Archive for August, 2012
Hermon A. MacNeil’s “Into the Unknown” at Brookgreen Gardens is framed by this ornamental iron gate designed by Anna Hyatt Vaughn Huntington, (who studied with MacNeil and Gutzon Borglum and other American sculptors). MacNeil portrayed ‘the sculptor’ as a female figure, sheltered under the sweep of her wings, with her face turned into the block, holding a chisel in one hand and a mallet in the other, carving herself out of the stone.
Brookgreen Gardens was built on the Brookgreen Plantation at Murrells Inlet, South Carolina in 1930 by Archer and Anna Hyatt Huntington. This 350 acre outdoor sculpture garden rests within a 9000 acre nature preserve. It provides a magnificent outdoor setting for an enduring ‘world premier’ of an American collection of 1200 unique sculpture pieces by over 400 sculptors. Coupling “Archibald Huntington’s interest in history and the classical world, with Anna Hyatt Huntington’s devotion to creatures and figures of the natural world,” this marvellous collection gathers a vast array of American figurative sculptures of nature, human figures, and animals. (Beatrice Gilman Proske, Brookgreen Gardens Sculpture. SC: Brookgreen Gardens: 1968, p. 76).
A design based on it was adopted as an emblem of the National Sculpture Society at the time of their 1923 exhibition.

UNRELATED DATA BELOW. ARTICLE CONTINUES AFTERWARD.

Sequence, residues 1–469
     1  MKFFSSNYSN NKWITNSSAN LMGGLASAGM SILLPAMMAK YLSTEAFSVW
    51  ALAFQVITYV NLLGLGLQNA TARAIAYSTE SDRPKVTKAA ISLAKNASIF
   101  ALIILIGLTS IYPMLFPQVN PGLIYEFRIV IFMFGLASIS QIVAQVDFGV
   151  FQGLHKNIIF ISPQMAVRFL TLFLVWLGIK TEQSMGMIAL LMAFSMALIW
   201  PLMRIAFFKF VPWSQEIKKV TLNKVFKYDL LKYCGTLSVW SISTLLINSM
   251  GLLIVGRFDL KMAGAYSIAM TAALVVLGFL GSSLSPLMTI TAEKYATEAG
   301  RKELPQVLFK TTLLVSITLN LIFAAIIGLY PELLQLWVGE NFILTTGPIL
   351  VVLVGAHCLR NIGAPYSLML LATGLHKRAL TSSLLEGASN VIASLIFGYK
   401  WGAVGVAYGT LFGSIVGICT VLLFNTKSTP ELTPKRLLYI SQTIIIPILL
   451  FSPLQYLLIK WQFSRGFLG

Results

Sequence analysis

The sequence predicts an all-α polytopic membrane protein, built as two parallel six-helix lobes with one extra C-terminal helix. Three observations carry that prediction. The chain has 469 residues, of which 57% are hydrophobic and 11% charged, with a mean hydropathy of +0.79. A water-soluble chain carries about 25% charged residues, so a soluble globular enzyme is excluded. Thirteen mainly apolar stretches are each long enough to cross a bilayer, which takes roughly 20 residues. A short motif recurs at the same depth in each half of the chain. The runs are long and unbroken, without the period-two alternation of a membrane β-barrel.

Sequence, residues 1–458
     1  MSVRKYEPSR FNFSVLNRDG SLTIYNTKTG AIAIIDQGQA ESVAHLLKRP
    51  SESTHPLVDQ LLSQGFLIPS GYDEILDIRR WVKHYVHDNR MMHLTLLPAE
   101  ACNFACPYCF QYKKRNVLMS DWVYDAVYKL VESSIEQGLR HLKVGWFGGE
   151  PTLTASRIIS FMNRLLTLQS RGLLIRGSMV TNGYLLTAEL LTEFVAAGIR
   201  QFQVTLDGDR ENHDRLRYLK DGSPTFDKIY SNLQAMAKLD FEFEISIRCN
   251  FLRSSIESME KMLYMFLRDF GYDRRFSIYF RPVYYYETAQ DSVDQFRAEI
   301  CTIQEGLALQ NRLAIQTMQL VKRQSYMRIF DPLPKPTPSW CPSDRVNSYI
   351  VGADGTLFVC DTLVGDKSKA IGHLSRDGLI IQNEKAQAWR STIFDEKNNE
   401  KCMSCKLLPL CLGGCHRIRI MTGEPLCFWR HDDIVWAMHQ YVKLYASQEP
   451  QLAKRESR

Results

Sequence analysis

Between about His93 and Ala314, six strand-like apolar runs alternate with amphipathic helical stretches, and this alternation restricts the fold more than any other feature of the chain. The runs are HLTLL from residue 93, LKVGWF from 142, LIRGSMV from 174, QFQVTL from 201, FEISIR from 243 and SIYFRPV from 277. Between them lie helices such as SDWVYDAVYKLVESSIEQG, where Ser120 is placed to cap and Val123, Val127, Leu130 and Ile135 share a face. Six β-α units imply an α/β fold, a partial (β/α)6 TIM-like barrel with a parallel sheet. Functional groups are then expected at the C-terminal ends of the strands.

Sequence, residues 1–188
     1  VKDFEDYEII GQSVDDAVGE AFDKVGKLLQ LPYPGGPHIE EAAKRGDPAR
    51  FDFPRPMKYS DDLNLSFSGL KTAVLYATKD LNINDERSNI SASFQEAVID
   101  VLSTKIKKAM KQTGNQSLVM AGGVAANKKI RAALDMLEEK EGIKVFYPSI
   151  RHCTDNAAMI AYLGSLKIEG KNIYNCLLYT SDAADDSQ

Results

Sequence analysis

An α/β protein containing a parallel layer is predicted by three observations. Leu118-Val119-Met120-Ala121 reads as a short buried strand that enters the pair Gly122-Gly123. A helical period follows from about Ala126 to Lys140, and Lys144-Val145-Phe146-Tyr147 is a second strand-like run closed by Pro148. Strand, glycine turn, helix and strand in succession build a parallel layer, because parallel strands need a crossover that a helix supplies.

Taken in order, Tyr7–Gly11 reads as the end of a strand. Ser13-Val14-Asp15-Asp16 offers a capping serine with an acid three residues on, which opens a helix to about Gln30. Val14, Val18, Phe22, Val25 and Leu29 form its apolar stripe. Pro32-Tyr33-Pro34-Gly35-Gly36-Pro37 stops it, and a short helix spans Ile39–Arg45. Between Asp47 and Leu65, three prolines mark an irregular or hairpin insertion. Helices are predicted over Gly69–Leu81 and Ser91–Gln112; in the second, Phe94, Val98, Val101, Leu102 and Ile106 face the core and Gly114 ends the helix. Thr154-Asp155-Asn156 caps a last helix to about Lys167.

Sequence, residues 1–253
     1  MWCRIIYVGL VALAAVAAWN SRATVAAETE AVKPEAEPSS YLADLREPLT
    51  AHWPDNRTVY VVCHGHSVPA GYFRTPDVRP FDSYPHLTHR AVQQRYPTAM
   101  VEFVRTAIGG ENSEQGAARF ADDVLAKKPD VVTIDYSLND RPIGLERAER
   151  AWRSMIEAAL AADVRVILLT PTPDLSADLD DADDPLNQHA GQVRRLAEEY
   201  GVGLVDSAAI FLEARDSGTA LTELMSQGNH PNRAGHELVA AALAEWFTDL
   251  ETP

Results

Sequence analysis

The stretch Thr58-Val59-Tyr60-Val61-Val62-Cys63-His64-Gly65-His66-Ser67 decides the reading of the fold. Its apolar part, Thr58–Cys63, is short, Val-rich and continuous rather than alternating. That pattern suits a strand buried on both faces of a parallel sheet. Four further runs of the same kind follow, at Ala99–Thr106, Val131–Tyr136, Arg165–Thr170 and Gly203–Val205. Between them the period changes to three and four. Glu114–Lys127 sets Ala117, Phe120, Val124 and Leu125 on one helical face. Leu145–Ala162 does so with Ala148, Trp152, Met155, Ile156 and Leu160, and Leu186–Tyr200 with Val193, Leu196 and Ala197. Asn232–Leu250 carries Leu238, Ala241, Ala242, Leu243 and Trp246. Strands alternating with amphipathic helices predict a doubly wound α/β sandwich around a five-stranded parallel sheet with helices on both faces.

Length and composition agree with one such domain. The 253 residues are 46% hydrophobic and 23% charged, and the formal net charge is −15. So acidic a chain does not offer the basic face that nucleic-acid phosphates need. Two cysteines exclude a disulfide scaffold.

In 1948, a year after MacNeil’s death, the Huntingtons obtained the MacNeil piece for Brookgreen. Today Anna’s ‘Ornamental Gate’ frames her mentor’s tribute to the Inspiration of the sculptor. In May 2012, 100 years after MacNeil’s inspiration for this work, I had the privilege of visiting the Brookgreen Gardens and gathering this story and these images for the website collection. His ageless work has now entered the digital age in this virtual gallery in his name.
[Photo credits: Taken on site by Dan Leininger, webmaster: HermonAtkinsMacNeil.com]
Recognize this Patriot?
You can HELP HIM return to College Point.
Here are a few clues:
- The piece you see here is less that 1/3 the size of the actual statue (pictured below).
- For the last 64 years it has been in storage at a museum over 800 miles from MacNeil’s studio in College Point, Queens, NYC where it originated.
- Along with a dozen and a half other plaster casts from MacNeil’s studio, this stately Commander left College point after the sculptor’s death.
If the Poppenhusen Institute and Susan Brustmann, the director, have their way, this “General Washington” may spend his 2nd century as a “permanent resident” of the community where Hermon MacNeil sculpted him.
A NEW HOME at the POPPENHUSEN INSTITUTE (MORE) is being offered just blocks down the street from where MacNeil’s hands fashioned this commemorative piece.
Susan Brustmann, director of the Institute, informs us that discussions are underway to bring these MacNeil statues home.
For 64 years they have been in the inventory and care of a midwestern museum that has decided to de-assession the pieces. Seldom seen, never permanently exhibited, and soon to be de-assessioned, over a dozen others may return to College Point.
But your help is needed.
YOU CAN HELP! CONTACT us at:
Stay tuned for updates.
- Poppenhusen Institute makes MacNeil Collection Appeal! (14.8)
- MacNeil Sculpture at Poppenhusen Institute (11.2)
- MacNeil Park – College Point, Queens, NY (17)
- MacNeil Postcard #3 ~ ‘From Chas. Aug 24, 1907′ (8.4)
- Confederate Defenders Statue – White Point Gardens & the Battery (8.6)